I thought this week I would write a blog about the upcoming training that many at the Center will be participating in. The Association for Play Therapy is having its International Conference in Phoenix this year during the first week of October. We are excited to have this training with renowned authorities in our city. Our therapists continue in many post-graduate trainings in order to be at their best clinically. They will have fresh ideas for working with children and families as well as learn what therapies are evidence based (most effective).
International Play Therapy Conference
The International Conference is committed to providing graduate level training and education, fostering the exchange of ideas, and providing networking opportunities to professionals across many disciplines. Counselors, psychologists, social workers, marriage and family therapists, graduate students, and other mental health professionals select from over 65 educational workshops over a 6-day period. Nearly 1000 attendees earn 35-40 hours of continuing education approved for state licensure and play therapy credentialing. The keynote speaker will be Janine Shelby, PhD, RPT-S, Play Therapists and her presentation will be titled: “Troubled Times: The Art of Bearing Hope in a Culture of Violence.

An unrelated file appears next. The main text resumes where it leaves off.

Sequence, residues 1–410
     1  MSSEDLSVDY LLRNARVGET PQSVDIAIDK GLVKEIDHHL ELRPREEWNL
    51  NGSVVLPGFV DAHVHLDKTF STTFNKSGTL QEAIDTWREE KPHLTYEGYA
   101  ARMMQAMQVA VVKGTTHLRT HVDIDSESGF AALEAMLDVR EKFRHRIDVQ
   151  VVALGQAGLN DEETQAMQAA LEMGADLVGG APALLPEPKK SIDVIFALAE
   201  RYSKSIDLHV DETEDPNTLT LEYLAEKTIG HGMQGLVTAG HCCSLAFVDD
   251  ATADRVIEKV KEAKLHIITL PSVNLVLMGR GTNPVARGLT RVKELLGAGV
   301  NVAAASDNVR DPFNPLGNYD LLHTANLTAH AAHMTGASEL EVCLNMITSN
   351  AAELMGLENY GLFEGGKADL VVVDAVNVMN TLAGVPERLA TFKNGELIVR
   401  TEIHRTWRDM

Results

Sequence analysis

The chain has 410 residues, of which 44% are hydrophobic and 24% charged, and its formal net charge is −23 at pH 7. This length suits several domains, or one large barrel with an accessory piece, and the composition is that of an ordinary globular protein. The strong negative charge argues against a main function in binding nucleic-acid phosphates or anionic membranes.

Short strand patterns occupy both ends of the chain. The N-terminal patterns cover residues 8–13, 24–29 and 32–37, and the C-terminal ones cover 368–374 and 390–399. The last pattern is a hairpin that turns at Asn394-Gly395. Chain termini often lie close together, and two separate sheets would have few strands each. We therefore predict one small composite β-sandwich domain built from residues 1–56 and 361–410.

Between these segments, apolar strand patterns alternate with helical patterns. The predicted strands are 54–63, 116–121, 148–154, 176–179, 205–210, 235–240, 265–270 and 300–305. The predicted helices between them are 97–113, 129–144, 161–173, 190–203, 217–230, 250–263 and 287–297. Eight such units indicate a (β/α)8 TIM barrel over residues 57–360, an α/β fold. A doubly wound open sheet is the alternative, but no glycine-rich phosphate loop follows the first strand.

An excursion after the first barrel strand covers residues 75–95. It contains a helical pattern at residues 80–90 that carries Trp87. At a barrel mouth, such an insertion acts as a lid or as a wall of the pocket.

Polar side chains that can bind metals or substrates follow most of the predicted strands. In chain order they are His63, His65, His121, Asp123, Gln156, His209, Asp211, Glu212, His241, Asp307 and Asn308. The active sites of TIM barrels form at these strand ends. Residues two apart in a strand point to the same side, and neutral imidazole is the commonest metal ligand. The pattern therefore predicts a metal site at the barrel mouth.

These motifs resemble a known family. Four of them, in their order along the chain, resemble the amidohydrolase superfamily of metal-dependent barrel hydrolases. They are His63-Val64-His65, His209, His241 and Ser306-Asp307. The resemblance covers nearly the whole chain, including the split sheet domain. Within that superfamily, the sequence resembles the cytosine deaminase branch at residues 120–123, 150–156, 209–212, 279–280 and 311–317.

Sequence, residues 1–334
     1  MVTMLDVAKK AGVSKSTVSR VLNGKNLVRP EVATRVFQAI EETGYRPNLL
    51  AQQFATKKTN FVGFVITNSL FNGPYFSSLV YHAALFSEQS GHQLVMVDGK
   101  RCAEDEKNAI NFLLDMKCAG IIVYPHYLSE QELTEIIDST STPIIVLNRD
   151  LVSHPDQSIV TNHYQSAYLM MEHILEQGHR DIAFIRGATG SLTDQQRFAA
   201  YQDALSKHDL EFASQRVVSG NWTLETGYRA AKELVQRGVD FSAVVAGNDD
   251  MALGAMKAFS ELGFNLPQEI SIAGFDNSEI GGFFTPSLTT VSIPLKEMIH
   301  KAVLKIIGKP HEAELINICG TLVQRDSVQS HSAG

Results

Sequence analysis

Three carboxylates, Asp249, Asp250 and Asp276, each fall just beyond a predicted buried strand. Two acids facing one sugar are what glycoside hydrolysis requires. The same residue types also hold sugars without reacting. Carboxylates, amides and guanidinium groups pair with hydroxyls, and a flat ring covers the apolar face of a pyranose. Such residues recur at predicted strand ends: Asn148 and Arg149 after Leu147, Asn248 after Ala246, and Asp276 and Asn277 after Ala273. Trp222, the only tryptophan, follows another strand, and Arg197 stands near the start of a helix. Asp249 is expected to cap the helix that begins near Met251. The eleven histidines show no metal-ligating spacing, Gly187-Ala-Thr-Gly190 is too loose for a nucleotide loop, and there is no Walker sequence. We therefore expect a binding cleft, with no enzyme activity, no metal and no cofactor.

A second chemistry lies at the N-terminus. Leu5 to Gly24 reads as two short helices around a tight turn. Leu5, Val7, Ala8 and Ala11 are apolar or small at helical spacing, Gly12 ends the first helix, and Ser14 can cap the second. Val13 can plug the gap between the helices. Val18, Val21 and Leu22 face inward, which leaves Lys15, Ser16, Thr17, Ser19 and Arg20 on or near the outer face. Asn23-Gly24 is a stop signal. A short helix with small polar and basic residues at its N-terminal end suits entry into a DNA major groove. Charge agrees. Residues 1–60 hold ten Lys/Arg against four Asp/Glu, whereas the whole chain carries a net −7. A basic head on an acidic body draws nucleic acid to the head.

Play Therapy Association
The Association for Play Therapy is a national professional society established in 1982 to advance play therapy and play therapy practice, instruction, and supervision. I thought I would highlight a section of their website called “The Parents Corner”. Under the title “Does my child need Play therapy?” here are a few of their thoughts:
Children are seen in therapy for an array of reasons, such as behavioral issues (caused by bullying, grief and loss, divorce and abandonment, physical and sexual abuse, and crisis and trauma) and mental health disorders (i.e.: anxiety, depression, attention deficit/hyperactivity or ADHD, autism spectrum disorders, academic and social impairment, physical and learning disabilities, and conduct disorders).
The website has a page dedicated to helping parents understand each of these issues and is located on their “Social, Emotional, and Behavioral Disorders” page. I hope you find their website to be a help as you make decisions as a caregiver. I followed a link on their website to an article from James Madison University titled “MENTORING YOUTH DEALING WITH DISASTERS AND TRAUMAS TIP SHEET”. With the start of school happening all over the valley I found this to be a poignant reminder of what might be going through some of our children’s thoughts. I pray you have a great beginning to this school year.
Deborah Pettitt’s Training
If you would like to read the trainings that our director has had please click on the link.